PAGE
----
Interview mit Fabio in der griechischen Tageszeitung "Epohi"
Fabio De Masi im Interview mit Dimitris Givisis in der griechischen Tageszeitung Epohi zur Eurokrise, der europäischen Austeritätspolitik und die neue europäische Linksfraktion. Das Interview ist in englischer Sprache.
The voices against Merkelʼs politics have become more and more, recently. How do you think this situation will develop?
Merkel is still quite unimpressed by economic depression. She wants to "starve the beast" as the iron lady Margaret Thatcher once said. The crisis is welcome to break the back of trade unions and to destroy the welfare state. Merkel will only back down if she faces political opposition. If social democracy continues to accept Merkel's lead on austerity as in Germany and now even in France they will be destroyed as in Greece. However, while in Greece an alternative to austerity has developed with Syriza, in France the right wing is on the rise.
The crisis in the Eurozone is deepening. Big countries like France and Italy face huge problems. What are your thoughts about that?
I am not surprised. You don't need to be an economist to understand what is happening in Europe. Private households try to deleverage their debts and the state is imposing austerity. Confronted with a widespread lack of demand businesses will not invest. As the economy collapses, public debt to GDP levels increase and even more households and companies default on their loans. We need public investment to break this vicious cycle. The ECB could finance public investment as opposed to simply pumping liquidity into banks. The latter do not lend to the real economy due to the bad economic prospects and the toxic assets in their balance sheets. The money for those much needed investments should not come from ever more spending cuts, but from fair taxes on skyrocketing fortunes of the wealthy. European millionaires together hold 17 trillion euros, far more than the total public debt of all 28 EU member states of around 11 trillion euros.
The German economy is also facing problems because of low demand. How can this problem be encountered?
Germany is no economic miracle. Our growth rate was 0.4 per cent last year and recently we slipped into recession. Germany needs higher wages and also more public investment. Our universities, roads and public transport are in dire shape. Such a programme would benefit the majority of people in Germany and hence enjoy public support. It would be a win-win situation since the rest of Europe would benefit as well from German imports. At the same time, it would give Southern European countries the necessary breathing space to develop a sovereign industrial policy beyond housing and tourism.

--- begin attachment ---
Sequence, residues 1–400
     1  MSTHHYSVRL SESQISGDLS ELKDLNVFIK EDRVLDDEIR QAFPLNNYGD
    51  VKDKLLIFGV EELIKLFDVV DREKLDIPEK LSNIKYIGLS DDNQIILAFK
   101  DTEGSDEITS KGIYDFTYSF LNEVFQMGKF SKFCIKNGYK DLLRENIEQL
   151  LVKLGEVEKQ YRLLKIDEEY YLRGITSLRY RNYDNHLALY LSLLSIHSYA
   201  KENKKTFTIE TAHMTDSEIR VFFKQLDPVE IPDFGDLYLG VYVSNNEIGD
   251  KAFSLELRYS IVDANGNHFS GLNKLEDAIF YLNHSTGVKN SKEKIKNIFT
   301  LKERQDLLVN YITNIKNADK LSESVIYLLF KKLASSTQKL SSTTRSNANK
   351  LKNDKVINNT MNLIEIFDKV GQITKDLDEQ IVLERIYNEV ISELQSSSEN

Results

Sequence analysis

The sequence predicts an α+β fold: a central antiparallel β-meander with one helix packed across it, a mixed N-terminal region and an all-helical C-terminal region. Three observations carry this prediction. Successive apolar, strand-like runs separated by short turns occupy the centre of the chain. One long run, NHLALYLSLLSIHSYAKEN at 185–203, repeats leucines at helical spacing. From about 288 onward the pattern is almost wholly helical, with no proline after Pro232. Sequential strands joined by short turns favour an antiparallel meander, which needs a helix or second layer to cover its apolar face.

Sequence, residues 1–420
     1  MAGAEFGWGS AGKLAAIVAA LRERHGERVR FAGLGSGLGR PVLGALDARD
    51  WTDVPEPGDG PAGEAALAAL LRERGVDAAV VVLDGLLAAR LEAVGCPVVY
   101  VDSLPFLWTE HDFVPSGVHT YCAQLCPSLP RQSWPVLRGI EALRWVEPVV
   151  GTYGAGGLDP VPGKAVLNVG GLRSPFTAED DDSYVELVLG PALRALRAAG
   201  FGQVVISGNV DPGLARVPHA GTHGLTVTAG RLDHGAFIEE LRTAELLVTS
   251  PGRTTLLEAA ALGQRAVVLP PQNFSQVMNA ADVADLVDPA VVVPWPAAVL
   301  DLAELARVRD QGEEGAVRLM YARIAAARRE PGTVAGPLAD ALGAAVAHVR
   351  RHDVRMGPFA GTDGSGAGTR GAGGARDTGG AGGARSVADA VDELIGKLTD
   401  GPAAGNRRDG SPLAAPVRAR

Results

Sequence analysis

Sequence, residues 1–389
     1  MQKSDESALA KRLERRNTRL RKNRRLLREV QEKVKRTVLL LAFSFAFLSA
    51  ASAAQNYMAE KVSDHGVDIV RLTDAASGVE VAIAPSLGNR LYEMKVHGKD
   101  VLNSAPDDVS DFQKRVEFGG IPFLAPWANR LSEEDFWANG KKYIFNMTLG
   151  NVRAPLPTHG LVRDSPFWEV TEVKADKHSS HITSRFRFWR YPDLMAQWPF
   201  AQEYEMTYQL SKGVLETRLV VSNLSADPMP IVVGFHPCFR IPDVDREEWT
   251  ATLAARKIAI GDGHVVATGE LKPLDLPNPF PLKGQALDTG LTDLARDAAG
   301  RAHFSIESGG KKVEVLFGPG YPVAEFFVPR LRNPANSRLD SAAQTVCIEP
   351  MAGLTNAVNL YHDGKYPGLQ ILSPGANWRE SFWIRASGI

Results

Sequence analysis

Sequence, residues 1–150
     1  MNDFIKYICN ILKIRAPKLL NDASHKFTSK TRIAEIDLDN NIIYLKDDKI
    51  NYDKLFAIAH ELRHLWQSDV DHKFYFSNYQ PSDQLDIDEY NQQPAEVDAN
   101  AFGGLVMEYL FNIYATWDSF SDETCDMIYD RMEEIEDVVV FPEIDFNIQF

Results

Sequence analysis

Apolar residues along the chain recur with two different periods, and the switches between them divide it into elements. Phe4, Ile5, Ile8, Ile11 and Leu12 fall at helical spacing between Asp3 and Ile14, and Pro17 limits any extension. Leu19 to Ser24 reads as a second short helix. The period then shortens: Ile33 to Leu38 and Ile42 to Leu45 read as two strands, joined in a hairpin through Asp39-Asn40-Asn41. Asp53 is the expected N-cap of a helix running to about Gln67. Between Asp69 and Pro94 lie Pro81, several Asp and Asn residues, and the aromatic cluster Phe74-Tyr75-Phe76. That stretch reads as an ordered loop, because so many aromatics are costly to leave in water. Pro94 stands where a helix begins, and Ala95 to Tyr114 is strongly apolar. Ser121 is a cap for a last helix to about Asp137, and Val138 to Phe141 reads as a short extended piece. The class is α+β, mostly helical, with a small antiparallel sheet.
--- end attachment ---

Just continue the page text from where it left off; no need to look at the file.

Everybody says that the target is to put Europe in a recovery perspective. However, a lot of European economies are bound to the debt. What would you say about this?
Some economists argue that debt is not a problem per se, as every euro of debt is also somebody's wealth. I disagree. It makes a huge difference whether the Greek nurse has to service the debt and hence cut back on private consumption or the family Onassis. Debt becomes a problem if you owe too much debt to foreigners. Greece simply couldn't tax the German or French banks and wealthy. It gets worse if your central bank - the ECB - behaves like a foreign central bank and is not willing to service debts. Hence, for countries such as Greece there is no alternative to get rid of illegitimate debt. However, we should be aware that debt restructuring needs international mechanisms and central bank support in order to avoid punishment from capital markets. Further, the Greek debt is not anymore held by German and French banks but by European taxpayers. Hence, we can only win public support if we complement debt restructuring with taxation of the oligarchy.
How do you see the dynamic/perspective of GUE/NGL after the elections?
The left has a common struggle to fight across Europe. I feel the diversity of GUE/NGL - from the communist party of Portugal, Spanish Podemos to Syriza and Nordic Green parties - is a strength not a weakness. We have different conditions in member states. GUE/NGL may contribute to a competition of best practices among the left.
How can a strong block against neoliberalism be formed, at a European level? What kind of strategy should the European Left have towards this direction?
We have to do both. Our struggles are still domestic struggles since we cannot afford to buy train tickets to Brussels if the deals are made in Berlin, Paris and London. However, if Syriza will govern in Greece the political and economic elites will strike back and try to punish the electorate. They want to teach the people of Europe a lesson that they shouldn't bank on the left. This is why we need networks of solidarity and support. We started to organise young migrants from Southern Europe in Germany. We also need common campaigns such as against austerity and for a European wealth levy.
Das Interview erschien am 13.Oktober 2014 in der griechischen Tageszeitung Epohi